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International Clinical Trials

Into the East

Recent years have seen an observable shift in the outsourcing of clinical research, with industry-sponsored studies moving away from the traditional base of North America and Western Europe, to regions such as Eastern Europe, Latin America and, in particular, Asia. In fact, research estimates that by 2015, more than 50 per cent of growth in global clinical trials will be directly attributed to their offshoring to emerging markets.

Asia, being the largest and most populous continent with over four billion people, offers many opportunities as a destination for clinical research. Indeed, Southeast Asia is home to a rapidly expanding pharmaceutical market, with an environment and infrastructure for conducting trials that has improved significantly.

Regional Focus

International multi-centre clinical trials are often considered a faster alternative to national trials to get products onto the global market. Currently, more than 15,000 global trials are being carried out in the larger Asia-Pacific region.

With steadily increasing drug development costs and timelines, and the desire to access global patient populations, conducting clinical trials in Southeast Asia is an appealing option for many international pharma companies. Several companies and contract research organisations (CROs) have established and built their trial monitoring facilities in the region to perform clinical trials to international standards and meet regulatory requirements.

Early-Stage Research

Although the region has demonstrated its capability for performing Phase 2 and 3 trials, earlier Phase 1 trials are still under-represented. The conduct of Phase 1 first-in-human trials – primarily designed to evaluate the safety of new pharmaceutical agents – is typically considered to be more challenging than later-stage trials, with participating patients usually not expected to derive any direct therapeutic benefit.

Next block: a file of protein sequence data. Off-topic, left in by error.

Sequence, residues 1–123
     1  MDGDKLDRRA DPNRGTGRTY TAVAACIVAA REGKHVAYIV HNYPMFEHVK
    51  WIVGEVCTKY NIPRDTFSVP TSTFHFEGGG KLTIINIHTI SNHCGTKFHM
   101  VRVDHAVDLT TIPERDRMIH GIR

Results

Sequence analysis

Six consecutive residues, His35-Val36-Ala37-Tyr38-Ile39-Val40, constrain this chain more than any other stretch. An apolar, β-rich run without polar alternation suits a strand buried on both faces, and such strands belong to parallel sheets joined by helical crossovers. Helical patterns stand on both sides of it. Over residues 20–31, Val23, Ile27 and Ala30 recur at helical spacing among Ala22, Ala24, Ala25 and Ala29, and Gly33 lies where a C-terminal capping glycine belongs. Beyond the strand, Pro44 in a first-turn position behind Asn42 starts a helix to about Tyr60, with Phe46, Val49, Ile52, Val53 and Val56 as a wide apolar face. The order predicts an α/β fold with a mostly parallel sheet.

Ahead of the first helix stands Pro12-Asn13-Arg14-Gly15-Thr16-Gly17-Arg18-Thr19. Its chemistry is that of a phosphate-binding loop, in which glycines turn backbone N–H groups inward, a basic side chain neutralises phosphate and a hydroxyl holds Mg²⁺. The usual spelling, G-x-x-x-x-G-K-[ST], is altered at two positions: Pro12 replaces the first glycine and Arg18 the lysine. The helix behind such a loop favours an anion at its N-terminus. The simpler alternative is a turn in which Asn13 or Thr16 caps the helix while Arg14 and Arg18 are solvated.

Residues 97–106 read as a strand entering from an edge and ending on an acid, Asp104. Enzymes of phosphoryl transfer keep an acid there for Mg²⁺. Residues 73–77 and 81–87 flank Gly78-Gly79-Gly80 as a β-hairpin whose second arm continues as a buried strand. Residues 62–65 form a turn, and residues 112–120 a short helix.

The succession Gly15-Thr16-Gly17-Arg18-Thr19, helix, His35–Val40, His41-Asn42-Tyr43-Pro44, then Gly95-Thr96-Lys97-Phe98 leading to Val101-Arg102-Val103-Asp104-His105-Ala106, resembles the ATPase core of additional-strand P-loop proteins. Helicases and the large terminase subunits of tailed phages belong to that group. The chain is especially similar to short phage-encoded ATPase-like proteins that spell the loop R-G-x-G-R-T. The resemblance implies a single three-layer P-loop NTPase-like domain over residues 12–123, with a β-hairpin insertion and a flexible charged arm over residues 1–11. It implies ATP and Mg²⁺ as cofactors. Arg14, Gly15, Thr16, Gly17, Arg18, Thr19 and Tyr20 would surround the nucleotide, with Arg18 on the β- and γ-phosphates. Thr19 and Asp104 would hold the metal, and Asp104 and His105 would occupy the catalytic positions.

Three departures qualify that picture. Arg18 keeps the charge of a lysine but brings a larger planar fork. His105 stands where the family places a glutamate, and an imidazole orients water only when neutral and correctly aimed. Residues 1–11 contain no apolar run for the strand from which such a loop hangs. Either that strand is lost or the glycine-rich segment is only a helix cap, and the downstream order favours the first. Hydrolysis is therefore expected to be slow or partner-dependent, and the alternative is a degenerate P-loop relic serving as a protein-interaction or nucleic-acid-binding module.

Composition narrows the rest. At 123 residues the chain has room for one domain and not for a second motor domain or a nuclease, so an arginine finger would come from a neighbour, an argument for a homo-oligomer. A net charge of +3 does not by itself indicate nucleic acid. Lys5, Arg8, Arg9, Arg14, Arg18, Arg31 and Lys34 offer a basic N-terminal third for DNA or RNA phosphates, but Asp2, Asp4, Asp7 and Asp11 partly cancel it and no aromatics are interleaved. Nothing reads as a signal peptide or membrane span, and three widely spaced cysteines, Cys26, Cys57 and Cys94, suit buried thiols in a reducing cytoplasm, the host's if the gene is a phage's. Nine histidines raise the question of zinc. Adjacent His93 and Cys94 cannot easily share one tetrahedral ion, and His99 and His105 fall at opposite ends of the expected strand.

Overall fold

Historically, companies have often judged that many developing countries, particularly in Southeast Asia, did not possess the range of skills and expertise necessary to conduct early-stage trials. For example, the large majority of early-stage HIV/AIDS trials are carried out in the US and Europe, even though over 90 per cent of people living with HIV are found in developing countries.

However, this situation is improving, with the region now seeing an increase in early-stage trials. Indeed, many commentators agree that it is essential to conduct earlystage clinical research in populations proportional to the potential use of medicines following approval, as race and genetics can be important determinants in the variability of response.

Trial Incentives

There are many benefits to conducting clinical trials in Southeast Asia. Recent trends in population dynamics and diseases, and their impact on healthcare, have been shaping the future of clinical trials in Asia, and particularly China. Due to changes in living standards and relative prosperity, many of the chronic diseases of the West, such as diabetes and hypertension, are now global diseases.

One of the major incentives for Asia-based trials is cost. As developing a single drug can cost more than $200 million and take at least 10 years, Asia (with the exception of Japan) offers a less expensive and often less timeconsuming process for clinical trials. Outsourcing in Asia can reduce the cost of trials by more than 50 per cent. For example, in China the average cost of Phase 1 and Phase 2/3 trials can be 15 and 20 per cent, respectively, of the cost incurred in Western countries.